Update March 4th: The main viewer download links on the Sunshine wiki page now all reference the updated viewer version (18.104.22.1681118).
Update March 2nd: Just as a point of clarification, the update discussed here is not currently linked-to from the Sunshine wiki page. To obtain a version of the viewer with the updates, you will need to download version 22.214.171.1241118 of the viewer (link repeated here for ease-of-refernce).
As I recently covered, a problem has emerged with Server-side Baking in that it “breaks” the Z-offset capability found in the majority of third-party viewers.
The Z-offset allows the vertical height of an avatar above the ground to be adjusted, such that sits and kneels don’t leave the avatar apparently floating in the air, and which allow those with very tall / giant avatars or very small / petite avatars and those wearing full body mesh to similarly adjust their vertical placement relative to the ground / floor.
The problem was reported to Nyx in week 8, and SUN-38 was subsequently raised by Henri Beauchamp on February 24th to officially log the matter.
On March 1st, Linden Lab issued an update to the Server-side Baking project viewer (release 126.96.36.1991118) which is an attempt to address the issue.
The new capability is referred to as SH-3909 Support avatar height offset and is described as, “Adding a new visual param that allows users to manually adjust an offset for how far off the ground (+ or -) their avatar’s root bone is.Supports the +-2m range people are used to adjusting in their viewers, but new implementation should support server-generated appearances.”
It appears within the viewer as a new slider in the Body section of the Edit Shape floater, called “Hover”.
Moving the slider to the right or increasing the displayed value will move your avatar upwards, much as increasing the Z-offset value in a TPV will. Moving the slider to the left or decreasing the displayed value will move your avatar down. As with all the shape sliders, any changes must be saved prior to exiting the editor, in order to be persistent beyond editing.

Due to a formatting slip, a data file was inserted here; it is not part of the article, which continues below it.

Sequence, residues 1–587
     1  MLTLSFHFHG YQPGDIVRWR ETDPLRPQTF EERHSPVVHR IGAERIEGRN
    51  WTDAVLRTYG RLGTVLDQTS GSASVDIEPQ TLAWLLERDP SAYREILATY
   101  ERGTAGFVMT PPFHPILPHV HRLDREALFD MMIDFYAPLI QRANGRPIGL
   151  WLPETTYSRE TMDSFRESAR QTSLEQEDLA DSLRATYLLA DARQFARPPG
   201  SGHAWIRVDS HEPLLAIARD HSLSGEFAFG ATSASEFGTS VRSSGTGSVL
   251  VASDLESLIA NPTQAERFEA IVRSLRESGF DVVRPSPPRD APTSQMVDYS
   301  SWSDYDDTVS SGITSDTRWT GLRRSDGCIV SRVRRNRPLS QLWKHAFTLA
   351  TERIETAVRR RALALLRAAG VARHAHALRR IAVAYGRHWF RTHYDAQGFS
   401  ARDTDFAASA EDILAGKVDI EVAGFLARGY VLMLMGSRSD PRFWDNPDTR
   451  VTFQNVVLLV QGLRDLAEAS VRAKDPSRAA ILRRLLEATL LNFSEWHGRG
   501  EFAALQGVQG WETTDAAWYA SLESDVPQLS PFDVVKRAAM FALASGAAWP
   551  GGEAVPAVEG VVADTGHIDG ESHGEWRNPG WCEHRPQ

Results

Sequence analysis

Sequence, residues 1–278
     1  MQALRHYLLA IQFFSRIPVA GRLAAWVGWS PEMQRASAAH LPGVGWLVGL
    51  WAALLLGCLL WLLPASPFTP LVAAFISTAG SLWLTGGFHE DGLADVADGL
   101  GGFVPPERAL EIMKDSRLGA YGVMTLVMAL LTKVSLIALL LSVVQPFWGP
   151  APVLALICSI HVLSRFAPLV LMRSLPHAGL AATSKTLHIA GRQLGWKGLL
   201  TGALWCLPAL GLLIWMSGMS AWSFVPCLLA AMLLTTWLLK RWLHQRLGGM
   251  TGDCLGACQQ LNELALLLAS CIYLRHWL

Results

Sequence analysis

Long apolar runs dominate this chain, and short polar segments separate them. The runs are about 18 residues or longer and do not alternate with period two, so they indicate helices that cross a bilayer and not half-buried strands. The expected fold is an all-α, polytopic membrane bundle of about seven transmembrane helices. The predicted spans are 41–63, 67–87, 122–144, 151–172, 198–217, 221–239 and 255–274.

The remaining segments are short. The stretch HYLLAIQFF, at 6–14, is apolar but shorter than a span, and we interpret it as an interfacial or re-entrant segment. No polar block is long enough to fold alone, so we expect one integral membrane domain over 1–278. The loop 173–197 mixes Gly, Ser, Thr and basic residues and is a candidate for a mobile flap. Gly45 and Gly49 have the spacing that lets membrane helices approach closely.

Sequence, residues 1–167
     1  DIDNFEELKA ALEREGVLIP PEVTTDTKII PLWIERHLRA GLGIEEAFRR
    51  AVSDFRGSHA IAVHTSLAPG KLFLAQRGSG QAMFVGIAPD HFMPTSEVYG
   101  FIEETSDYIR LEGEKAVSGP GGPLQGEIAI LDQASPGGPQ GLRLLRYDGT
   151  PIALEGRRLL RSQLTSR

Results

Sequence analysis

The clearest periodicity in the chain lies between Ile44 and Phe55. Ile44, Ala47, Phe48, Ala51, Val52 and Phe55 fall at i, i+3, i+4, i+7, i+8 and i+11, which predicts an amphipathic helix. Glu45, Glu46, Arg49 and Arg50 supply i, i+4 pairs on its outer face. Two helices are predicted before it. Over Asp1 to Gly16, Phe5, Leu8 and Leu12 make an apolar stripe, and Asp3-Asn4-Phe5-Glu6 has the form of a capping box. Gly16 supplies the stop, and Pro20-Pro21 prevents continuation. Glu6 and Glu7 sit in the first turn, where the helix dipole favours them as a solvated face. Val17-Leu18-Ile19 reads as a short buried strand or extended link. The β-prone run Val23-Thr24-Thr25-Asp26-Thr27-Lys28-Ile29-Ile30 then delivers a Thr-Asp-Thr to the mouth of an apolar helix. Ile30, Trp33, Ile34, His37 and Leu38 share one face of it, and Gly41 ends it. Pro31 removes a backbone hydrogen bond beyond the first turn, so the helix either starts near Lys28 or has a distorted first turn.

The slider offers a huge range of height adjustment compared to the z-offset slider in the likes of Firestorm, and is somewhat less accurate – with most TPV Z-offset options, height above ground can be precisely adjusted to 2 decimal points, whereas the Edit Shape floater only allows whole numbers in the range 0-99.
The vertical range of movement can be considerable, and lead to some interesting results when saved – your avatar can currently disappear entirely underground, for example. Also, adjustment made using the slider are not apparent in viewers which do not have the SSB code – something which shouldn’t be a major problem, given the need for people to be using SSB-enabled viewers once the server-side code starting deploying to the main grid anyway.
What might be of greater concern, however, is the fact that the control has been incorporated into the Edit Shape options means that it cannot be used on No Modify shapes, which could leave those using such shapes still feeling aggrieved if they are impacted by the height offset problems resulting from SSB.
It’s an interesting approach to solving the problem – and it would appear that LL consider the matter now resolved, Nyx Linden having issued an e-mail to the opensource dev list which reads in part:
Added a new parameter to shapes to replace the viewer-side height offset. Since it is stored in a wearable, the new back-end can read and use the value. Will send an email to third-party devs later today to let them know to pick up the patch.
Marking SUN-38 as resolved.
Given that earlier in the week – at the Content Creation User Group meeting on Monday February 25th, where the subject of SUN-38 was raised, Nyx commented, “It hasn’t escaped our notice. We’re considering a couple different approaches … we’re considering a few different options. Suggestions appreciated, but we haven’t officially settled on an approach we’re going to commit to publicly just yet”, it will be interesting to see the response is to this particular fix.